The common people express their fear to Rand, who comforts them by reminding them of the prophecies. The major function of prophecy is to give guidance and hope, and, therefore, comfort. Rand warns people that there will be earthquakes and storms as the Dark One Breaks the world. It helps people control their fear if they expect danger.
Rand warns Balwer that Elayne will have spies amongst Balwer’s clerks. He is not concerned about what they find out because he will be announcing everything tomorrow. Taking a leaf out of Perrin’s book, he then praises Balwer, showing consideration and encouragement.
While Perrin is apologetic of Faile’s wariness of Rand, Rand privately thinks Faile is right not to trust him and also to think that Rand will hurt those close to him.
Perrin warns Rand that the Merrilor meeting could end in battle, and also that the cuendillar Seals are the Amyrlin’s responsibility. Rand agrees. He persuades Perrin of the value of breaking the Seals to reforge the seal on the Dark One’s prison anew, rather than make a patch. Perrin thinks this is very reasonable and should convince Egwene. Rand is doubtful because Egwene is not a craftsperson. Perrin says that she is very clever and will understand their argument. Egwene represents the conservative faction, though.
Rand wonders if sealing the Dark One away is the answer, when perhaps something more permanent, like killing him, might serve better. “I’m coming for you,” he thinks of the Dark One. In a few chapters he will tell Moridin to say this very phrase to Shaitan. The Dragon doesn’t feel ready for the end, but it has come. He is not afraid, though.
Rand’s madness took the form of his Lews Therin personality trying to take over. Yet the memories from Lews Therin had a good purpose: they showed him the mistake of pride leading to arrogance, by trying to do everything himself. Lews Therin’s parallel, Lucifer, fell because of pride:
Pride fills me. I am sick with the pride that destroyed me!The taint both sent Rand mad and enabled him to understand/know his past lives and where he went wrong. The way evil undoes itself—the irony of it—scares him. It is also a sign that he can redeem himself by the very thing that damned him, as Christ undid Adam’s sin.
Lord of Chaos, A Saying in the Borderlands
Soul of fire, heart of stone, in pride he conquers, forcing the proud to yield.
A Crown of Swords , Opening epigram
How many have died for my pride? Lews Therin moaned. How many have died for my mistakes?
The Path of Daggers, Answering the Summons
Perrin will support Rand so long as there is no fighting among themselves. This is fine for Rand, who intends to unite the people. They must have unity this time.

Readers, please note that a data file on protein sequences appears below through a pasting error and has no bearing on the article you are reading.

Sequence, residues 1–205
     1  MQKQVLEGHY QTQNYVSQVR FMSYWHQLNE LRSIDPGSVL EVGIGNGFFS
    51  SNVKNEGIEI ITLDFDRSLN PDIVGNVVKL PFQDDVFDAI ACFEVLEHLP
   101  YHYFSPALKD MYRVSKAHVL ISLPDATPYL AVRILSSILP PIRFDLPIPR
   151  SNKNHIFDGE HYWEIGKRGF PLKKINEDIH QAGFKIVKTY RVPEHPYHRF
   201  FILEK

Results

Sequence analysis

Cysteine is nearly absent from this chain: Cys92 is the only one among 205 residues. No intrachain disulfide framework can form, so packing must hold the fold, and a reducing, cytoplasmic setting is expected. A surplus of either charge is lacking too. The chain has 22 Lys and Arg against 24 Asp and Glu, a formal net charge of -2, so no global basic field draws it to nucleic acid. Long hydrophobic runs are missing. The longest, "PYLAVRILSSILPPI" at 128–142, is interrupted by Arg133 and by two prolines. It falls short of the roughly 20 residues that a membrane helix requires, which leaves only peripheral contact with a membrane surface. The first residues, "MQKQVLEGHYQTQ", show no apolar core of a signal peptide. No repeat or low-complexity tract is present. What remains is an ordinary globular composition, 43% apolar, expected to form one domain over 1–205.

Egwene uses Travelling to avoid notice and speculation. She wonders what Siuan would have gotten up to with the weave, but the way the Tower was at that time, it is more likely that people would have gated in to kill her. As Tuon’s guard recognised, Travelling is a potential security risk without a dreamspike or other guardian. The knowledge of Travelling also means that the Hall can’t enforce the law against the Amyrlin leaving the Tower without permission. Unless martial law is operating, the Amyrlin has to inform the Hall of any intended travel, so they can establish there is no danger, since it is against the law for her to deliberately endanger herself without the Hall’s agreement:
The Amyrlin Seat being valued with the White Tower itself, as the very heart of the White Tower, she must not be endangered without dire necessity, therefore unless the White Tower be at war by declaration of the Hall of the Tower, the Amyrlin Seat shall seek the lesser consensus of the Hall of the Tower before deliberately placing herself in the way of any danger, and she shall abide by the consensus that stands.Most Amyrlins would protest: where is the danger in quickly ducking out and back by gateway?
- A Crown of Swords, A Pair of Silverpike
When Elayne suggests that they let Rand break Seals, Egwene is shocked and appalled. In her opinion, Elayne is so besotted with Rand that her judgement has been affected. In keeping with the undercurrent of underestimation the young Emond’s Fielders have for each other, Egwene also assumes that Rand’s scheme is reckless and foolish. The situation is a potential replay of the standoff between Latra Posae and Lews Therin in the Age of Legends when Latra Posae gathered the agreement of all powerful female Aes Sedai in the Fateful Concord to not participate in Lews Therin’s strike on Shayol Ghul. This time it would be the refusal to agree to the treaty and is the potential disaster that Moiraine averts as Min’s viewings foresaw:
She had not really lied when he asked her what viewings she had kept back. Not really. What good to tell him he would almost certainly fail without a woman who was dead and gone?Egwene believes that the Light can’t risk having the Bore open for too long – and that’s how events played out. Considering that Rand was mistakenly planning on killing the Dark One right up until this time, this was providential. The Shadow’s theft of the Seals prevented them being broken earlier, and so the Bore was not opened until the last possible moment. So Egwene is, or was, right.
- A Crown Of Swords, Into The Woods
Min sighed regretfully, but it was not as if she had really expected Moiraine to turn up alive. Moiraine was the only viewing of hers that had ever failed.
- A Crown Of Swords, Into The Woods
However, currently Egwene is not convinced that the Bore needs to be opened at all. The phrase “Wait upon the Light”, a critical bit added by the Dreamer Amyrlin, gives her pause, because of the weight of a Dreamer’s (potentially prophetic) words.
The young Emond’s Fielders tend not to underestimate Nynaeve—just each other—but a telling mirror of this occurs when Nynaeve remarks that she is impressed that Moiraine (with whom she competed and who is weaker in the power than she) Healed Tam of a Thakan’dar blade with an angreal. This while Nynaeve herself Heals a patient as desperately ill as any Semirhage Healed.